Retail and Consumer Psychology 101: 8 Ways to Increase Sales & Influence Customers

This is a post by Abby Heugel.

As a retailer, you most likely don’t have a degree is psychology, but many successful retailers regularly use psychology to appeal to potential customers. It sounds complicated, but it boils down to the fact that every single human being basically has the same mental triggers that drive actions.

At a basic level, all humans want to avoid pain and seek pleasure. This serves as the base of all human action throughout every single day, and is something that retailers need to keep in mind.

That pain could come in the form of a high price, while the pleasure could be a must-have item or even just a free snack while they shop. Your job as a retailer is to figure out what pleasure drives your customers and what they respond to. Combining those persuasive psychological triggers with clever and effective marketing will be your key to selling success.

Have look at tips on how to do just that:

8 psychological strategies for increasing retail sales

1. Promote novelty

There’s a reason that people will literally sleep outside of Apple stores waiting to buy a new product despite the fact that the new versions are only minimally different than the ones they already offer.

That’s because a) Apple is great at marketing, but also b) according to neurological studies, being exposed to something new and novel increases how much dopamine is released into our brain. A lead doctor in the study summed it up as, “When we see something new, we see it has a potential for rewarding us in some way.”

Use this to your advantage by adding new products every few months to keep displays fresh and exciting, and create buzz for your products before they are released to get people excited about them. They might not be sleeping outside of your store, but they will be lining up to buy whatever it is that you offer.

2. Instill a sense of reciprocity

How many times have you gone to the grocery store and tried a sample or two of whatever food product they’re giving out? As you walk through the store, you probably feel a little obligated to put that item in your cart before you walk away. After all, they gave you something for free, so you should give something back to them, right? That’s the principle of reciprocity in action, and it’s a powerful tool.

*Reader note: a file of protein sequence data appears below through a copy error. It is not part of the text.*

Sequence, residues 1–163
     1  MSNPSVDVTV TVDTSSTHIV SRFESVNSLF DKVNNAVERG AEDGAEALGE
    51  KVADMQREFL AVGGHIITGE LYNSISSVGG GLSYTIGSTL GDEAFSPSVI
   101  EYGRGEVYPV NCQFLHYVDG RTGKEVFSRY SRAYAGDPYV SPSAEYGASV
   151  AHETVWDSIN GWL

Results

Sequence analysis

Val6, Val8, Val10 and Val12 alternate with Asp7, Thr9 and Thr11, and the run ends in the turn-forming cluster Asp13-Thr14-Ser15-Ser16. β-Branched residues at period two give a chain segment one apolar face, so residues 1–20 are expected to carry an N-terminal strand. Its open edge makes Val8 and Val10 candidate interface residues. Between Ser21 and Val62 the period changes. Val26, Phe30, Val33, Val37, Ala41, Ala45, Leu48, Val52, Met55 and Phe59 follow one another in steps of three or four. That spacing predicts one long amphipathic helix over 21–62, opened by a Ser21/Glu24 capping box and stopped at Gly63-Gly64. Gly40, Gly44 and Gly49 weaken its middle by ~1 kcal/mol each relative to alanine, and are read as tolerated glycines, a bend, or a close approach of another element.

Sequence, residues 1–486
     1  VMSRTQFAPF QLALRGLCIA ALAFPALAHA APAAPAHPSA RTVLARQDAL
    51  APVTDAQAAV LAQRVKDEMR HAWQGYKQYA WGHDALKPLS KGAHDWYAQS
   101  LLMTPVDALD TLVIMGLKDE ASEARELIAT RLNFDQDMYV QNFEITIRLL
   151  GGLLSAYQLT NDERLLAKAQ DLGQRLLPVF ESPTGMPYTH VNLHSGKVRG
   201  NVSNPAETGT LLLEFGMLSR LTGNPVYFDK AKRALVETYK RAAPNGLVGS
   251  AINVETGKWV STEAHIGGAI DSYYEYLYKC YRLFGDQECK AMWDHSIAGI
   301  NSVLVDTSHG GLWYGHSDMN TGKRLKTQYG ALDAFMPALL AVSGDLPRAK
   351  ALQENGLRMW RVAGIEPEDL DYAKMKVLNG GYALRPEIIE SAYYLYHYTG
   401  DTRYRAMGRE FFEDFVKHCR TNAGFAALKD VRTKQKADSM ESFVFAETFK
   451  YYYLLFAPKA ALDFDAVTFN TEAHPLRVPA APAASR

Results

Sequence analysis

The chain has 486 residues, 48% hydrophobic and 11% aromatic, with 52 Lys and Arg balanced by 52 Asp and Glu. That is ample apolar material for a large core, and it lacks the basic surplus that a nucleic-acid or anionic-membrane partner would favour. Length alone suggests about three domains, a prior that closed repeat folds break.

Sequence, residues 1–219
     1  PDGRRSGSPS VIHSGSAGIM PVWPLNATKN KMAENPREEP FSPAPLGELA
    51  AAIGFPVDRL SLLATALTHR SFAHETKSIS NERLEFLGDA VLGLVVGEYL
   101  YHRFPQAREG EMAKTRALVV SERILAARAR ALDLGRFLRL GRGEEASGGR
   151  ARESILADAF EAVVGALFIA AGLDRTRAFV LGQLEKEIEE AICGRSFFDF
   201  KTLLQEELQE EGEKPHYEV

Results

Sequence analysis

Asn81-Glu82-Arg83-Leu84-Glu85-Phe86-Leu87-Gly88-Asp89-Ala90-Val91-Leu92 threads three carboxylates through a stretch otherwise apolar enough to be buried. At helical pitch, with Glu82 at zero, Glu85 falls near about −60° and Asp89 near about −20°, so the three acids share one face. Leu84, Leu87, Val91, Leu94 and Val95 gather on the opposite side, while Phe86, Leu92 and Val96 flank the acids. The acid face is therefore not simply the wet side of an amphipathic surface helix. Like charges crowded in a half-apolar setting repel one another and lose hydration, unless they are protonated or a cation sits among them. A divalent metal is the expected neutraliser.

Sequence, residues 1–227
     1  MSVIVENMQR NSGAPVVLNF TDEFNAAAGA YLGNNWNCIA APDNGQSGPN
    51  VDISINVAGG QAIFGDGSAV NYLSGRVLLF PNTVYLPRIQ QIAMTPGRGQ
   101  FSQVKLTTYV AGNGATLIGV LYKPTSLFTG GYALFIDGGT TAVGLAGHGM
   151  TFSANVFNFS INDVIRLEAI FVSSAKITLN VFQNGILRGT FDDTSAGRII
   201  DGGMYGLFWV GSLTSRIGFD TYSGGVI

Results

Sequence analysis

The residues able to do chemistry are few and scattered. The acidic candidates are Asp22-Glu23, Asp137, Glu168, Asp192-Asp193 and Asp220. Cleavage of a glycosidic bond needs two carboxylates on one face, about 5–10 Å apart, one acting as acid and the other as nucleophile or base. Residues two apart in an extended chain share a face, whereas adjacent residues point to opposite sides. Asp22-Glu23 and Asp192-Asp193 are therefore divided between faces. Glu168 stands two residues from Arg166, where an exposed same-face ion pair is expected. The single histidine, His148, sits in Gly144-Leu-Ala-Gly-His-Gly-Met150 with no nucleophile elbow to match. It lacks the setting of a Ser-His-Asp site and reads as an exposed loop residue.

In a famous study from Influence, Dr. Robert Cialdini found that subjects were more likely to rate others as much more likable when all they had done was simply bought them a can of soda. That’s it. One can of soda was all that it took to win the favor of complete strangers.

You can put this into action by offering a free gift with purchase, which is especially effective if you don’t tell them what the item is until they receive it. Not only will they be delighted that they got something for “free” and spread the joy through word of mouth, but they’ll be introduced to a new product and feel indebted to return to your store for more repeat business.

Other retailers are using the concept of reciprocity on regular basis. Apparel e-tailer Beloved Shirts, for example has its “Weekly Freebies” program where they choose a new accessory item that would be completely free for the first 100 orders. Shoppers just need to pay for shipping.

Why are they doing it? As the Beloved Shirts team notes on their website:

We love and appreciate our fans, so it makes us thrilled to give back to those who support us. Plus, we’ve found that giving freebies helps build brand loyalty (so it’s not all selfless). We’d love to see your freebies on social – be sure to tag us with #belovedshirts so we can find you!

3. Display social proof

As Cialdini says, “If you can get people who are similar to the person you’re trying to persuade to speak on your behalf, it’s a lot easier for you than if you have to try to hammer your message one more time into a reticent mind.”

And according to Nielsen, 83% of consumers trust product recommendations from their friends and family, which you can use to your advantage by creating a “Best Sellers” or “Most Popular” page on your website. You can also use customer reviews in your marketing materials to show how many people use and enjoy your products and your business.

Le Tote does this quite well. Their homepage has a section dedicated to what other women are saying about the service: